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Plan tabled at Parliament to ban fossil fuel-run vehicles

October 05, 2017

Experts have welcomed a stricture proposal recently tabled at Parliament that seeks a complete ban on selling and distribution of fossil fuel run vehicles in the next 10 years.

The proposal, put forward by ex-health minister Gagan Thapa, aims to prohibit sale of petroleum vehicles in Kathmandu Valley by 2027 and countrywide by 2031 and replace them by electric vehicles.  

Experts have hailed the proposal as a bold step towards improving the air quality of the country, especially the Capital city Kathmandu which is often dubbed as one of the most polluted cities in the world. 

Calling the move as the ‘game changer’ for the country’s transportation sector, environmentalist Bhushan Tuladhar said, “This is a welcome move which can have boosting effect to the country, both economically and environmentally.”

They say the move was timely and necessary stride towards future as the countries around the world are moving towards environment friendly electric vehicles. 

European countries like France and Britain have already announced to ban petroleum cars by 2040, whereas neighbouring India has decided to do away with combustion-powered vehicles by 2030.

Transport and traffic engineer Ashish Gajurel believe the commitment like this—restrictions on sales of petroleum vehicles to promote electric vehicles—was bound to happen everywhere, including Nepal. 

“Sooner or later every country will need to adopt such policies that phase out or convert the existing petroleum-powered vehicles into the ones that would operate from alternative energy source. This is a praiseworthy shift,” said Gajurel.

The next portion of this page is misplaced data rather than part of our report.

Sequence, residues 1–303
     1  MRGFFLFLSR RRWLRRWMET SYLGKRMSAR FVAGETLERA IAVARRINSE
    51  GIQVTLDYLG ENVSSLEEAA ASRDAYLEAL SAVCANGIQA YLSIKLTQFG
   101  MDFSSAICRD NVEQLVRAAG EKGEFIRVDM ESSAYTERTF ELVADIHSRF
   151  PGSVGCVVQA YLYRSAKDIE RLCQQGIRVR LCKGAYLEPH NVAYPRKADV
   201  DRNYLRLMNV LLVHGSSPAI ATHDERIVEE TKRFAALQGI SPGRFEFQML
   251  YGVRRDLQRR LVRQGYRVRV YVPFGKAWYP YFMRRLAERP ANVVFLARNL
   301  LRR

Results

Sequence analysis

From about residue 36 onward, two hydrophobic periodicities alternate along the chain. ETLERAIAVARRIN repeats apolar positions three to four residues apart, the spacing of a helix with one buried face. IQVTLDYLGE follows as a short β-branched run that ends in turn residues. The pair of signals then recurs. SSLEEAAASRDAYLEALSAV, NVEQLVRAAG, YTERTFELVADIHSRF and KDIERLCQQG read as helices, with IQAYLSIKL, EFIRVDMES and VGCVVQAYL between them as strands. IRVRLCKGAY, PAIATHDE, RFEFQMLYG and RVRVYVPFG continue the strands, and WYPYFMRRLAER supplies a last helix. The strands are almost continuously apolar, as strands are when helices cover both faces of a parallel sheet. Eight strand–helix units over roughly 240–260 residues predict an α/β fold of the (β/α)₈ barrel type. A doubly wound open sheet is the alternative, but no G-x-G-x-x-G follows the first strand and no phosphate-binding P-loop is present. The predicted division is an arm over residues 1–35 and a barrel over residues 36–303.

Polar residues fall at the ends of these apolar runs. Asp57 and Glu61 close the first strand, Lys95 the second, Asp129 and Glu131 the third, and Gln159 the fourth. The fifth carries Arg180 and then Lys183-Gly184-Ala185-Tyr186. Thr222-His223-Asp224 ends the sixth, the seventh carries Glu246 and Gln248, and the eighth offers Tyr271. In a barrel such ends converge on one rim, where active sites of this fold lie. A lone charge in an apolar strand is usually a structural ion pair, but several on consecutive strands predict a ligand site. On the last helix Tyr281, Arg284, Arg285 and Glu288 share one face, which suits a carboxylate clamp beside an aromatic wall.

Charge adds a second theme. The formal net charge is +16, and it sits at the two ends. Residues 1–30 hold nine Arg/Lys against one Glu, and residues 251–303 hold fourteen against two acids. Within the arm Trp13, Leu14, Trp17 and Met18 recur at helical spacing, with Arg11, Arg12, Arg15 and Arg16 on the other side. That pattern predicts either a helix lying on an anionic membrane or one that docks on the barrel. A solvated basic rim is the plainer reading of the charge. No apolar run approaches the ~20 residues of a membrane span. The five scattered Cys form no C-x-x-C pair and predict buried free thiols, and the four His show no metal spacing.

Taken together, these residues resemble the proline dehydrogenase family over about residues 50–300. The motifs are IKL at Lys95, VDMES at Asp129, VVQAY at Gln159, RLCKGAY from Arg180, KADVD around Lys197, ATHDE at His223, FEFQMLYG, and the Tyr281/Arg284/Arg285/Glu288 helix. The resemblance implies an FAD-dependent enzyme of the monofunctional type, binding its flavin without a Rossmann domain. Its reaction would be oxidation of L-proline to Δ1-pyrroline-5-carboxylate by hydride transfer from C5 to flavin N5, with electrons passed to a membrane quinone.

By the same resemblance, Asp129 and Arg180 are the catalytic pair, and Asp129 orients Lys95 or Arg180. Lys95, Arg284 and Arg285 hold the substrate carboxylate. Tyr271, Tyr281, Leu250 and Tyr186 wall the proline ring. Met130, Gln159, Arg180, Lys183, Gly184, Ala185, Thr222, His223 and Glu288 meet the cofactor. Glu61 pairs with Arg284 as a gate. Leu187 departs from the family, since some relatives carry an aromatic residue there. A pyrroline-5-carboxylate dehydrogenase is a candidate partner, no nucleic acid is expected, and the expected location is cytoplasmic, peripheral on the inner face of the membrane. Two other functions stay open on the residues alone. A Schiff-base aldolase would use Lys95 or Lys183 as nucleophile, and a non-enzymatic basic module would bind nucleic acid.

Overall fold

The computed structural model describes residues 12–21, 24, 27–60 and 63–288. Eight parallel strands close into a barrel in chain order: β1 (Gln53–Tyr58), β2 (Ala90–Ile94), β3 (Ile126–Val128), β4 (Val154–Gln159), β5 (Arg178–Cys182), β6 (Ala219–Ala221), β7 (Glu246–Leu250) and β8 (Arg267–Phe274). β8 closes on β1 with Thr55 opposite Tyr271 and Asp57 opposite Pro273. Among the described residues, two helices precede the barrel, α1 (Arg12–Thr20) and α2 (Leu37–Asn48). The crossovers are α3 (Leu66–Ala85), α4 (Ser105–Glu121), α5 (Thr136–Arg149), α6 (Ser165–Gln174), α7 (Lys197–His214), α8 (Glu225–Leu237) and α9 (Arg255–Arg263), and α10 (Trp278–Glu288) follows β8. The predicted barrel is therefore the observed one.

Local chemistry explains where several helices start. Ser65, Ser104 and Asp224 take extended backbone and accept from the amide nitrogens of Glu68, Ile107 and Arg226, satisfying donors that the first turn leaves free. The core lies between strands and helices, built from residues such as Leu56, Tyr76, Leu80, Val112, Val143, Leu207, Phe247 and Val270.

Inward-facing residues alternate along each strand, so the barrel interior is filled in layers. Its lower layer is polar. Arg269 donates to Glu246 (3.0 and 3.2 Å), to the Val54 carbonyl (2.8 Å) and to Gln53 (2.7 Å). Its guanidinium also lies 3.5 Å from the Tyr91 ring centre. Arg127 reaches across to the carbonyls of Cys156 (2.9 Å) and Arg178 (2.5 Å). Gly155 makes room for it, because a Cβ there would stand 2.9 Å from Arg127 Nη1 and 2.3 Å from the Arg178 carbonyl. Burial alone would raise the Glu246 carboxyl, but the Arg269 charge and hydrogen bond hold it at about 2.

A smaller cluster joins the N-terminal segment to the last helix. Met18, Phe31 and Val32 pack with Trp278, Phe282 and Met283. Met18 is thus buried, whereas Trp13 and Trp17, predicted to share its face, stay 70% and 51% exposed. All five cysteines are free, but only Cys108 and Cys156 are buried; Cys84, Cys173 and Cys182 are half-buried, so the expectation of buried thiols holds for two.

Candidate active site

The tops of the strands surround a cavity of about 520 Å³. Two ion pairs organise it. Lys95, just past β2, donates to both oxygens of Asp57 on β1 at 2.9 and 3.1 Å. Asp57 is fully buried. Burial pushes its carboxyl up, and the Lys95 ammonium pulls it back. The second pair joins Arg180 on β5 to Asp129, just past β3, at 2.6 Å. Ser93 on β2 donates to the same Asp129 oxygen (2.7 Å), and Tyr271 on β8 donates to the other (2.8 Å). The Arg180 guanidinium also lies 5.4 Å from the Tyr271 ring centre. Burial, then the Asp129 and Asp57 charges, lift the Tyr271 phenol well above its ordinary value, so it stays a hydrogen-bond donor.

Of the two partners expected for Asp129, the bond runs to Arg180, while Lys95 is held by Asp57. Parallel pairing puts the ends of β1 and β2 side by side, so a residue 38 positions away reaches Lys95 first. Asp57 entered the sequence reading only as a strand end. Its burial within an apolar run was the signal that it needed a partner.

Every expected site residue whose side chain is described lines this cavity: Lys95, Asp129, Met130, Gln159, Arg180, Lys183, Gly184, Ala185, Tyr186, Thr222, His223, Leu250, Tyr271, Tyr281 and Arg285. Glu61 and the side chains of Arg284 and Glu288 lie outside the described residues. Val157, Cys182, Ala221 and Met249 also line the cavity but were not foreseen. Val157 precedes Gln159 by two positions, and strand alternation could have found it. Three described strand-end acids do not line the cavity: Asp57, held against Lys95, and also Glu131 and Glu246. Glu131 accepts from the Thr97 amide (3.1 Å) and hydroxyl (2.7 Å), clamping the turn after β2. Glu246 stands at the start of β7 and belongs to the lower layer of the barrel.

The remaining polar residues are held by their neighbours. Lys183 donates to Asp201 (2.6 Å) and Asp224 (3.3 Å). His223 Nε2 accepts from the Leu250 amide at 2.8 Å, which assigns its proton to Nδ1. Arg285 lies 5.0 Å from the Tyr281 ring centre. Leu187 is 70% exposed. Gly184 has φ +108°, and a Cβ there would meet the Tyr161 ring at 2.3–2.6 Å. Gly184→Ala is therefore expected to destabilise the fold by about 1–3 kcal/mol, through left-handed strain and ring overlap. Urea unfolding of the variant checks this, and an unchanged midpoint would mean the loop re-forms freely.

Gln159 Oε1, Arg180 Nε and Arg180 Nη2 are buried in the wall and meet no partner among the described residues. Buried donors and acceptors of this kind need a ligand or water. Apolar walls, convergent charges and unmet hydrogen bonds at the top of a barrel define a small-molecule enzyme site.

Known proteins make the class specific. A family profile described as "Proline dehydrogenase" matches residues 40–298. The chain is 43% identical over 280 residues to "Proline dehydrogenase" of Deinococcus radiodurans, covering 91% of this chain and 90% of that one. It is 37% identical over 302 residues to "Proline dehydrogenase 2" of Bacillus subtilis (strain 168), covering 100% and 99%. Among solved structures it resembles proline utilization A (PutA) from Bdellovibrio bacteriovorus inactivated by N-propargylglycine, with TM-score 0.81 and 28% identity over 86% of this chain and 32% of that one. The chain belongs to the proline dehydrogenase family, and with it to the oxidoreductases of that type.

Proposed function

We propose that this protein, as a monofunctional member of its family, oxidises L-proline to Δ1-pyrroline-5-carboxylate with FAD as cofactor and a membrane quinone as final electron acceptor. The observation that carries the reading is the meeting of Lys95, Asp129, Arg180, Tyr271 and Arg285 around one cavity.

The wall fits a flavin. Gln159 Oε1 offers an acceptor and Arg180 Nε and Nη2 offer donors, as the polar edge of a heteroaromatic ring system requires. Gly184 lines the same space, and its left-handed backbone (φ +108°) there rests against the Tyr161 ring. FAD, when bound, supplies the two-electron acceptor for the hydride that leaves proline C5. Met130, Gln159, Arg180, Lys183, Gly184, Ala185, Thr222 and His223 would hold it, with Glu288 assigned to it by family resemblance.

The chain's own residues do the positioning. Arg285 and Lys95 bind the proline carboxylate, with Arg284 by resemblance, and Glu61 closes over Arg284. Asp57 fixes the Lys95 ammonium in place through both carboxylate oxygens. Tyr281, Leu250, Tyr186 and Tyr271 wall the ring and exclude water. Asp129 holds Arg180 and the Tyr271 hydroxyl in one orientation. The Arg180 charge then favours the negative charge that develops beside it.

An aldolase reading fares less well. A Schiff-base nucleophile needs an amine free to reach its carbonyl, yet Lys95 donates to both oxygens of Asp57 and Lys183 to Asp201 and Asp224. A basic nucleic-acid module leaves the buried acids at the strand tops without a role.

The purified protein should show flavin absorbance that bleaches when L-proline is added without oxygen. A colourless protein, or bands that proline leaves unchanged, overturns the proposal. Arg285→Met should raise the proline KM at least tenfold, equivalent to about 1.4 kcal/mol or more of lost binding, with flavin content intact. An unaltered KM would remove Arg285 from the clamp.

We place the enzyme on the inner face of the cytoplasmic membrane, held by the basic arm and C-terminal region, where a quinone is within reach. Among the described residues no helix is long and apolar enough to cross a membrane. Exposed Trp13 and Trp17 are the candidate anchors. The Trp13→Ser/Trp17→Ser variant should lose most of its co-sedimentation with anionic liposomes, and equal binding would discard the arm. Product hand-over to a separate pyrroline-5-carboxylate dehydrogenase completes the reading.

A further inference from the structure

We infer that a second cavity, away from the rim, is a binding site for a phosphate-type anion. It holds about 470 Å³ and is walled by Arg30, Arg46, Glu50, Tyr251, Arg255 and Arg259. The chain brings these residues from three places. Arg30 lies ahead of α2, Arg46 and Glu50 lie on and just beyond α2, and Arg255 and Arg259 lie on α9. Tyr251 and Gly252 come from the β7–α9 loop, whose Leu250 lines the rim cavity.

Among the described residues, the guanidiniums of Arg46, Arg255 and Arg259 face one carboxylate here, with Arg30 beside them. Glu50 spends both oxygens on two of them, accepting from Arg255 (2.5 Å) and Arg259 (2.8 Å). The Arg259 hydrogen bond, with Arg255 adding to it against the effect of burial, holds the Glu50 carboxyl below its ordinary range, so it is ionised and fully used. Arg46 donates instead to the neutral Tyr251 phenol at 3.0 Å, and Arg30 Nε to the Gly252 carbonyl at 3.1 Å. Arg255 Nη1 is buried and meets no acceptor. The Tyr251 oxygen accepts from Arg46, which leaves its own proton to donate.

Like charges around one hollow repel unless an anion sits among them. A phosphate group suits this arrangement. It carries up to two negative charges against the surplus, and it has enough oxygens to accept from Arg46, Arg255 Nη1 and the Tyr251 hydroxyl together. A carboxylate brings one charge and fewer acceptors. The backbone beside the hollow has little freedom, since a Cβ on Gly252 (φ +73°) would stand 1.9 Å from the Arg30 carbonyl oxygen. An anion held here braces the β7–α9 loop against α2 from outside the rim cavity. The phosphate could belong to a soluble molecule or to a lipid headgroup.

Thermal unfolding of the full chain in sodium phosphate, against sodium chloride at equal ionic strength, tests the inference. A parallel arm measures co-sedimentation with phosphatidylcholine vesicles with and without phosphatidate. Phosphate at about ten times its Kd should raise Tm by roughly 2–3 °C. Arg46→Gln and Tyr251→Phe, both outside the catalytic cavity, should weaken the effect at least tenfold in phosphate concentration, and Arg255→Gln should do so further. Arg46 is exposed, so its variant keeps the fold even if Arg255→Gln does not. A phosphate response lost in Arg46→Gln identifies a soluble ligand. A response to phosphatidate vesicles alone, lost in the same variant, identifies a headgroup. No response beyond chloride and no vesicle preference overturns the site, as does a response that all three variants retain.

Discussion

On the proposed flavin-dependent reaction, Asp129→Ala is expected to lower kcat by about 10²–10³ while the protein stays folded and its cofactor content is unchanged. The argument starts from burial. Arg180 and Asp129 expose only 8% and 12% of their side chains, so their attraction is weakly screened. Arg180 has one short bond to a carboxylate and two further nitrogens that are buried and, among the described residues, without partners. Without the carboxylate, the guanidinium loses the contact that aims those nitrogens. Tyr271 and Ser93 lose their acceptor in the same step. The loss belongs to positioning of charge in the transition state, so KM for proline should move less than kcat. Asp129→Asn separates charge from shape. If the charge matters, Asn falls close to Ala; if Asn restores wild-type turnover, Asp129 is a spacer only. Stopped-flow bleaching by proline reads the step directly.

The resolution proposal, which is not a legally binding document yet towards ending the sales of petroleum automobiles for curbing air pollution, suggests formulation of work plan, required policies, structures and financial provisions for timely implementation of Parliament’s declaration and commitment. 

According to Tuladhar, the commitment shown in the proposal is achievable within that timeframe. 

“People might doubt about its implementation, but it’s feasible and appropriate move for us as other countries have been going for similar policies,” said Tuladhar. “Besides, vehicle manufacturers have been shifting towards production of electric cars. In future, the whole vehicle industry will be changed with new technology and products, cutting down the prices. There will be revolutionary change in the vehicle market.” 

One of the world’s leading car manufacturer, Volvo has already declared that its cars will be fully or hybrid electric from 2019. 

Alarming level of air pollution in Kathmandu Valley makes the move a well-thought and required commitment, according to experts. The capitally city was ranked 5th in Pollution Index 2017 in the latest report by the Numbeo.com. “We don’t have petroleum products in our country. So if it is implemented then emission of greenhouse gases will be lower and ultimately reducing the pollution level,” added Gajurel. 

On the other hand, Tuladhar, who perceives the step as economy and environment friendly, also sees the move as preparation for future. 

“Besides controlling air pollution, it can save billions of rupees the country spends on importing petroleum products,” said Tuladhar, adding, “If we start now, then we can better prepare accordingly for promotion of electric vehicles and barring sales of vehicles with high emission. 

This will peddle for implementation other policies related to protection of environment.”

Nepal has already adopted the Environment-friendly Vehicle and Transport Policy (2014) with an aim to cut off emission from transport sector and increase the share of electric vehicle up to 20 percent by 2020 among other provisions towards overhauling transport sector and making it environment friendly. 

The proposal also envisages utilising the tax collected from petroleum products for environment protection purpose and providing subsidy to promote the use of electric vehicles.

Source: Kathmandu Post

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